•Gas analyzer: Two systems are being evaluated. One is a European-built system like that already integrated in Europe's Columbus ISS module, while the other is a commercial option built by Thermo Electron Corp. of Waltham, Mass., for the U.S. Environmental Protection Agency.

•Thermal/humidity control: Bigelow is working with EADS and a proprietary U.S. company for these elements.

NASA," Bigelow says. "A lot of key NASA folks are in this plant on a regular basis, and they help us a lot." Bigelow is pursuing markets for a variety of users including biotech and pharmaceutical company and university research, entertainment applications and government military and civil users. The flight of the NASA-developed bioreactor human tissue growth apparatus, spun off to the private sector, could also be a key medical research market, he says.

He is hoping to earn the trust of those markets by low cost and rapid turnaround, contrary to traditional NASA ISS and space shuttle operations and bureaucracy.

"Part of the challenge is to be technologically proficient with a product that is safe and reliable, user-friendly and economical— otherwise there is no point doing what we are doing," Robert Bigelow says. Although he made his fortune as a general contractor and founder of Budget Suites of America, contrary to media reports he says he is not pursuing "space hotels."

What he is doing, however, is looking at "leasing out" small space stations or habitats made of one or more Nautilus inflatable modules to different research communities or corporations.

To do that Bigelow, with NASA and subcontractor help, is pioneering the development of lightweight but extremely strong and long-lived inflatable "soft goods" to form modules made of proprietary advanced aerospace materials.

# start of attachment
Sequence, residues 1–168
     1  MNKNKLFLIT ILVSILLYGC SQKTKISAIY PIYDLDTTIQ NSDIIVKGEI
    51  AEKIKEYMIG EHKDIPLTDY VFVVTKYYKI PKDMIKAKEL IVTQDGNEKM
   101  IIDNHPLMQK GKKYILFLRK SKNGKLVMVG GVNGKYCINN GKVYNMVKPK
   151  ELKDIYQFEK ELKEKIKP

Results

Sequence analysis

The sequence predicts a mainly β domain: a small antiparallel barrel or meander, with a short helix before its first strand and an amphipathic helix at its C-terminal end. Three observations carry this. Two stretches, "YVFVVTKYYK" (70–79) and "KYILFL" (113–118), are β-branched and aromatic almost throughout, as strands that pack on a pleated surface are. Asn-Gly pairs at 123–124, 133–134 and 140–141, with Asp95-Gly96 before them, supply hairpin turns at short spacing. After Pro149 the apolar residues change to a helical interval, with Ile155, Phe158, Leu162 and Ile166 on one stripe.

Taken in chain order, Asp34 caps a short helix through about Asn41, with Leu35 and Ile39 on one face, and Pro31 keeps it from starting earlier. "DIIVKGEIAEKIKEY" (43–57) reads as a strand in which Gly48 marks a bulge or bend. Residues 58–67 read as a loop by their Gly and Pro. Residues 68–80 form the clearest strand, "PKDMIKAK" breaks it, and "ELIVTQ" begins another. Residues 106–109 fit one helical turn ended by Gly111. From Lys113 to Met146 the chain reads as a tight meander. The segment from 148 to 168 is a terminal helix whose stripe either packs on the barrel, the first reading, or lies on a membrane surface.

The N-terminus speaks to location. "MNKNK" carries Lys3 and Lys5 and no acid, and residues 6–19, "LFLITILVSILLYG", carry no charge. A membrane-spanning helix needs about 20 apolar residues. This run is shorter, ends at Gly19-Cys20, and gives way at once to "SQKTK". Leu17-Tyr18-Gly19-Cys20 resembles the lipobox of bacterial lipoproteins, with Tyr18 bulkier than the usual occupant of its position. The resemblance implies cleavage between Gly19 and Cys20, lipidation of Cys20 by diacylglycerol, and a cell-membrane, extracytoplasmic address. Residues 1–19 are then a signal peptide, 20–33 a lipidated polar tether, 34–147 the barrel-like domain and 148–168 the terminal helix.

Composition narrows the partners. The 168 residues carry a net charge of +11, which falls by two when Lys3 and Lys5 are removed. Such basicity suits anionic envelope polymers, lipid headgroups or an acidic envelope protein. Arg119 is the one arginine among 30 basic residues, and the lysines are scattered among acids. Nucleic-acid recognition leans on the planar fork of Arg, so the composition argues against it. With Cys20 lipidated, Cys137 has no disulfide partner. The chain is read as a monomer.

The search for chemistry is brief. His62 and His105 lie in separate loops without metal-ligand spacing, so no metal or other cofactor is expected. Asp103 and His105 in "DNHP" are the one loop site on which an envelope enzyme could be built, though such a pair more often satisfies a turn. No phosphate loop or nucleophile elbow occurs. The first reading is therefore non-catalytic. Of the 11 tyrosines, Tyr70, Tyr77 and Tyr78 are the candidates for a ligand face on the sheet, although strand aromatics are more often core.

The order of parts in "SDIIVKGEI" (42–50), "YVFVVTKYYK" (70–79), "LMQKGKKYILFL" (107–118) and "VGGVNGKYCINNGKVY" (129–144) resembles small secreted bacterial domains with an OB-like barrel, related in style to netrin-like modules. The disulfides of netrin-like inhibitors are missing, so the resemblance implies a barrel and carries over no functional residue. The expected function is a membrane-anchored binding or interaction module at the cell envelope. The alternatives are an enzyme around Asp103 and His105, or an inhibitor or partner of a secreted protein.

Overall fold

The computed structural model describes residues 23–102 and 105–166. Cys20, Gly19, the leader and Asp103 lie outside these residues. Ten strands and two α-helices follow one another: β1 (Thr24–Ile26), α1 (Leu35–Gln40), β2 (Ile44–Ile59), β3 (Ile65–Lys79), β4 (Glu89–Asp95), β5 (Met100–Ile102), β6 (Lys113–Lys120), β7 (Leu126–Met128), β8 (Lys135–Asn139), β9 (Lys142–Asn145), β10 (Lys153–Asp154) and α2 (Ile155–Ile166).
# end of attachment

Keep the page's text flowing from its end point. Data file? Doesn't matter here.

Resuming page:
The Bigelow team is also developing how to fold and package those soft goods around the module's aluminum core, so once inflated in space, creases and folds and critical seals around windows and hatches do not leak. This is a major challenge on which there is little literature. The company is doing extensive testing to obtain such baseline data.

Other key developments include an external "restraint system," a large bag formed of high-strength interwoven fabric straps to keep the air bladder, of a laminate polymer, at the desired shape once inflated.

Covering the straps will be a five-layer micrometorite shield constructed in part of carbon-fiber composites, but using a less costly design than similar NASA shields. The module will have a total of seven layers with the interior inflated to 10 psi. compared with 14.7 psi. for the ISS and 12 psi. for the 1970s Skylab space station.

More than 50 ballistics tests at the University of Dayton Research Institute and the University of Denver Research Institute were devoted to firing particles of 0.25-5?8 in. toward the Bigelow shield at velocities from about 1.9-4.3 mi./sec.

Innovative Subcontracting

Bigelow Aerospace is working with about two dozen major subcontractors for its inflatable space module program, often issuing 3-5 subcontracts for the same component. The company is attempting to build a broad and established subcontractor base for the future and also to compare workmanship among contractors. Bigelow is doing this not just to support development of one or two manned inflatable space modules but to generate an ongoing line of inflatables for diverse commercial or government civilian and military space research markets. "We want to have multiple subcontractors for every category," says Robert T. Bigelow, president and founder of the company. "We want multiple things fabricated to the same architecture."